Oh VicRoads, are you trying to destroy me? Really?
With all that has been going on with the issues surrounding the new driving and diabetes guidelines; with all the inconvenience you are causing for people who are living with diabetes each and every day – all the hoops you are making us jump through; all the bureaucracy you have built in for us to simply hold a drivers’ licence, wouldn’t it be nice that just for once you could be a little – just a little – accommodating?
And yet, when I jump through each and every hoop and call you to ask you for an extension on getting my eye review form in I am told no. An extension will not be granted because my medical review form (different to the eye review form) was one day late.
I am unsure as to why I have to submit an eye medical review – I’ve never had to do that before. My eyes have been stable for years. This was clearly documented on my medical review form.
The woman I spoke with at VicRoads told me that if they did not receive my report on time, I would be issued a letter the following day telling me my licence was suspended. However, according to her, I have a two week grace period in which I can still drive. So why not simply give me an extra week so that I can get the form in on time? I have made an appointment to see my ophthalmologist, but of course, could not get a time until the day after the report is due. (He’s away at the moment as is half of Australia ‘cause it’s – you know – Summer holidays).
My driving record speaks for itself as does my diabetes record. I know more about how safe it is for me to get behind the wheel of a car than most people. I check my BGL, I make sure I travel with food in case I go low, I wear a CGMS that alarms not only if I am low, but if my BGL is dropping too quickly so I can prevent a hypo.
And never before have I been late with a review.
So – here’s some advice for everyone after the trials and tribulations I have dealt with in the last few months with Vic Roads:
- Regardless of when you have an appointment with your health professional to fill in your medical review form, call VicRoads the second you receive your letter requesting a review and tell them that you need an extension. There are dozens of reasons that this may actually occur – appointment is cancelled, doctor takes extra time to send the report, you don’t make it to the post office on time etc etc.
- If you do not get the report in by the due date, you will receive a letter from VicRoads warning you of the suspension which will take effect in two weeks. You cannot ask for an extension at this time; it’s too late. If you think you’ll need extra time, call BEFORE the due date of the original letter (usually 8 weeks from the date of the letter) and ask for the extension.
- Remember that it takes time for the medical review team to process your review. So even if you do get it in on time, there could be a delay in you getting the ‘all clear’. Obviously, this isn’t a problem if you get it in way before the due date, but if you’re just sneaking it in on time, it could result in your licence being suspended. I actually took my last review form into VicRoads and asked to speak with someone from the medical review team and pretty much demanded that they approve it that day.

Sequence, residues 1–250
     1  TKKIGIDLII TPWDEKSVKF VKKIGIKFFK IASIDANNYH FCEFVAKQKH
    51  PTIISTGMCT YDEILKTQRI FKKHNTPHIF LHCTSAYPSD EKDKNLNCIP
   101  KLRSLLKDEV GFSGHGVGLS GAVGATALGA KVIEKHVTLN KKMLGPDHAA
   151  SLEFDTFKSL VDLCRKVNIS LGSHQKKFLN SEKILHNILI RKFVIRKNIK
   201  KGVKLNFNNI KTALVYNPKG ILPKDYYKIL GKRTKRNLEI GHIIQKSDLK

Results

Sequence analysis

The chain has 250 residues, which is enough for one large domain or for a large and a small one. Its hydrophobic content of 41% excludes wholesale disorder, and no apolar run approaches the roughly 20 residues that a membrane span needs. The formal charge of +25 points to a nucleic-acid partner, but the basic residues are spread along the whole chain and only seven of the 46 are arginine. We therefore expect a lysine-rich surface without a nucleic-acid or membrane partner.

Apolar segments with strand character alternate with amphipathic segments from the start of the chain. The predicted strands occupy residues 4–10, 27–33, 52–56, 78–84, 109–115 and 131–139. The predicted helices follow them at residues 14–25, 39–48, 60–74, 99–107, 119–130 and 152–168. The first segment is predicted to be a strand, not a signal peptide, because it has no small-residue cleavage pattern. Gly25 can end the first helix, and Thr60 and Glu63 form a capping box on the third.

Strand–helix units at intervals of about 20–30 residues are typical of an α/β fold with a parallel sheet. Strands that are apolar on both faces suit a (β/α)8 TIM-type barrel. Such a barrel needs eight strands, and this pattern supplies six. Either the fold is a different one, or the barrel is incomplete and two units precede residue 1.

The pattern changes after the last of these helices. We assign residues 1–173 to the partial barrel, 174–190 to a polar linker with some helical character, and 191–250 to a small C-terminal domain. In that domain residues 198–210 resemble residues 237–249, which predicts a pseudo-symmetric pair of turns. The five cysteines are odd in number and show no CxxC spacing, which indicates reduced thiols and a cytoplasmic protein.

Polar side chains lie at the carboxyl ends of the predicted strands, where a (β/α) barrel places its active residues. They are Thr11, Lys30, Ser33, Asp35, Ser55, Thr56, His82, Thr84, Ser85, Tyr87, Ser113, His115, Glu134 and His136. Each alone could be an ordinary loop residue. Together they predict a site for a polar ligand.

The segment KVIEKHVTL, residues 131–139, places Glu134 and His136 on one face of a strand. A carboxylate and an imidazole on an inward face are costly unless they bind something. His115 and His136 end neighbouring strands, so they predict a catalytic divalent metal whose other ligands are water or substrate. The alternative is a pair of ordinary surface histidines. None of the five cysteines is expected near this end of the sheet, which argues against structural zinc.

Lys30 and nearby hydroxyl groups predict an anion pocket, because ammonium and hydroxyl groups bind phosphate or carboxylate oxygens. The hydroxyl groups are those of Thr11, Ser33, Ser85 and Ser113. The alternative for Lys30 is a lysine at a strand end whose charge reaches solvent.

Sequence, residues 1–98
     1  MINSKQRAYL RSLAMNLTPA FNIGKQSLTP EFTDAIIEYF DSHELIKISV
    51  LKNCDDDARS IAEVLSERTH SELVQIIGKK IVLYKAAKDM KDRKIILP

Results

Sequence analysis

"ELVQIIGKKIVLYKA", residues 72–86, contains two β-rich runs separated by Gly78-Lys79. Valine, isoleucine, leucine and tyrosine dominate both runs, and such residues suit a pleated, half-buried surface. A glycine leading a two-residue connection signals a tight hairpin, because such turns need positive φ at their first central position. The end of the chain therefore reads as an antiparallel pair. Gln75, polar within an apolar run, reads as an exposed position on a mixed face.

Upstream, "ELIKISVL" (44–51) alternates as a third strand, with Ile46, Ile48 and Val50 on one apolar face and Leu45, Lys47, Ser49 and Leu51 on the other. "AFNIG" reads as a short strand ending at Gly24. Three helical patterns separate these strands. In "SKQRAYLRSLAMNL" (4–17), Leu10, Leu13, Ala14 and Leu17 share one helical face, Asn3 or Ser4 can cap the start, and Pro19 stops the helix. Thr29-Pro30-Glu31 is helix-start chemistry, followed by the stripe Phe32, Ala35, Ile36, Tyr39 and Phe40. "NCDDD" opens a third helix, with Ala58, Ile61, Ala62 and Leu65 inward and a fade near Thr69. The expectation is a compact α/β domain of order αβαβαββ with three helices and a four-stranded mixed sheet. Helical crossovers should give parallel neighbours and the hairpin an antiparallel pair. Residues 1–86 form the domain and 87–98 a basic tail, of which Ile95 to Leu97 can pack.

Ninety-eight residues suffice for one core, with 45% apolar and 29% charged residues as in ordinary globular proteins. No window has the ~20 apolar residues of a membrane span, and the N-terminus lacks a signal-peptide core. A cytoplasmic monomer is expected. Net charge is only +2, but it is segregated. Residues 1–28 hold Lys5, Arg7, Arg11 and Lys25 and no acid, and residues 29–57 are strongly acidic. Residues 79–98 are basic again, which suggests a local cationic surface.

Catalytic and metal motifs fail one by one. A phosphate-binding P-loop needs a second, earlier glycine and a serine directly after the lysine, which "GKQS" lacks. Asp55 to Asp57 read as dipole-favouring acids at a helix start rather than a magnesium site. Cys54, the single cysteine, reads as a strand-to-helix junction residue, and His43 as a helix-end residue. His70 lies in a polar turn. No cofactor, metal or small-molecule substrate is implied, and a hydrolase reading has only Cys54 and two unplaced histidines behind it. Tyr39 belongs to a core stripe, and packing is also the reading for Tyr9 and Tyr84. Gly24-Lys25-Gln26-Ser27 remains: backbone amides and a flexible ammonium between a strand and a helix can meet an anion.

- Off the top of your head, do you know the date your driver’s licence expires? No cheating – do you know? I had no idea and found out the hard way one morning when a police car pulled me over as I was driving to work. After they did a random number plate check and discovered my licence had expired I was fined $359. Great way to start the day! I had absolutely no idea my licence had expired and was 100 per cent certain I had not received a reminder letter from VicRoads (actually, being paranoid every time I get a letter from them, I was more than 100 per cent sure). I went straight down to VicRoads to renew my licence and asked if they had my correct details because I had not received a reminder about my licence. I was right – they had not issued a reminder because my licence had been suspended. Since November 2010. I nearly fainted. Long story short: apparently it was a clerical error with some smarty-pants at VicRoads indicating that I had not submitted my last review. Despite the fact that I had in my hand a letter saying it had been received and I was good to drive for two years before the next review. As I found out, reminders are not issued if your licence is suspended. (The fine was overturned, but it took a lot of time, letter writing, and sitting on the phone for this to happen!)
Having a licence is essential for many – most – of us, and whilst a pain, I completely understand why I need to have a medical review form filled in every couple of years.
But making things difficult for us only makes us angry at the process and the inconvenience of it all. Anecdotally, I’ve heard of people who simply don’t tell the licensing authorities about their diabetes to avoid the rigmarole involved in having a conditional licence. This is far more dangerous, in my opinion and puts these people at significant risk because of insurance and legal implications.
And this brings us back to the whole driving and diabetes issue and the development of the new guidelines. How is it possible for licensing authorities to have any idea of the actual process and how it impacts on people living with the condition if we are not consulted? Had Diabetes Australia been given a seat at the table when the new guidelines were being developed, this would have been considered. Had consumer reps been invited to take part, this would have been raised as a concern. It’s not good enough. Because this isn’t a simply list of guidelines on a page of a website. This is about our lives.